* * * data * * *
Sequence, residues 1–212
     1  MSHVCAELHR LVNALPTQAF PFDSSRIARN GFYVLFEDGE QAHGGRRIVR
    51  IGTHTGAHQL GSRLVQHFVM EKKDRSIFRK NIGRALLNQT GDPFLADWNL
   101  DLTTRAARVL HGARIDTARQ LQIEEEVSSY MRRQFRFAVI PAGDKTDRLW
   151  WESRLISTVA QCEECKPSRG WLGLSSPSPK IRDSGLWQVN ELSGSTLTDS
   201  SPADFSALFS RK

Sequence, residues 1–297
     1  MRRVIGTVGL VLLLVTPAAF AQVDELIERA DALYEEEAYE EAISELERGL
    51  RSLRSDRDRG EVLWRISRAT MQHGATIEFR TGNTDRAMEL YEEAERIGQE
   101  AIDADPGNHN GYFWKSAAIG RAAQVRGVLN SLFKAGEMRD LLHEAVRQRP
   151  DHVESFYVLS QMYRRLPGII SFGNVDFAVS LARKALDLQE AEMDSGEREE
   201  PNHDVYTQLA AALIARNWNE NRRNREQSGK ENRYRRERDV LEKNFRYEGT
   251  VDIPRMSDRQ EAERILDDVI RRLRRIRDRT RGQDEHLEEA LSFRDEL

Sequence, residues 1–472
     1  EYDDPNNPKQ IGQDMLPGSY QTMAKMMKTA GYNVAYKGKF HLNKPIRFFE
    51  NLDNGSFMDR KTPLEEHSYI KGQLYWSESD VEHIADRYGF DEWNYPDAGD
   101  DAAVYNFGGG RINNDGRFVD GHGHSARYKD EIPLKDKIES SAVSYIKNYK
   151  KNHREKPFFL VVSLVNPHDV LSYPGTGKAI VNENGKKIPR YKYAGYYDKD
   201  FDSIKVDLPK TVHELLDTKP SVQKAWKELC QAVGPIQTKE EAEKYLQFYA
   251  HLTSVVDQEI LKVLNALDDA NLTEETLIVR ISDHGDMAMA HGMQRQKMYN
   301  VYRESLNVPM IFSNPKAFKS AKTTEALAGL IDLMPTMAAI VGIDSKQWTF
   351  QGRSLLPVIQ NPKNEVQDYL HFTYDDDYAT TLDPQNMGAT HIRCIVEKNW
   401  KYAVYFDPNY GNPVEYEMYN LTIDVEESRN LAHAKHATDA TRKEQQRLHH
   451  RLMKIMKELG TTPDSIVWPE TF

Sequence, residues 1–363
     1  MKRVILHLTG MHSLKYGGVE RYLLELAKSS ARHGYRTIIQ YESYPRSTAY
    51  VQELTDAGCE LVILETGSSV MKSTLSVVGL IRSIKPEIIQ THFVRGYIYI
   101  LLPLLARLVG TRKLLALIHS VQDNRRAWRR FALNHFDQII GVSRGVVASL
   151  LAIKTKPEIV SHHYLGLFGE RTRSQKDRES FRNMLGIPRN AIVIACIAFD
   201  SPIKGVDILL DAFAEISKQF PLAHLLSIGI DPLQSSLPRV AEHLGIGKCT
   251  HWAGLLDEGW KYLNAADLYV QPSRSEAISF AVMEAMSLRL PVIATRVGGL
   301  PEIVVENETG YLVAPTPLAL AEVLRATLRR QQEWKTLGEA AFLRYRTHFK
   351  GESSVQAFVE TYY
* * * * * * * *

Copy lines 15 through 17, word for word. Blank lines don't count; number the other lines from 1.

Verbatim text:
     1  EYDDPNNPKQ IGQDMLPGSY QTMAKMMKTA GYNVAYKGKF HLNKPIRFFE
    51  NLDNGSFMDR KTPLEEHSYI KGQLYWSESD VEHIADRYGF DEWNYPDAGD
   101  DAAVYNFGGG RINNDGRFVD GHGHSARYKD EIPLKDKIES SAVSYIKNYK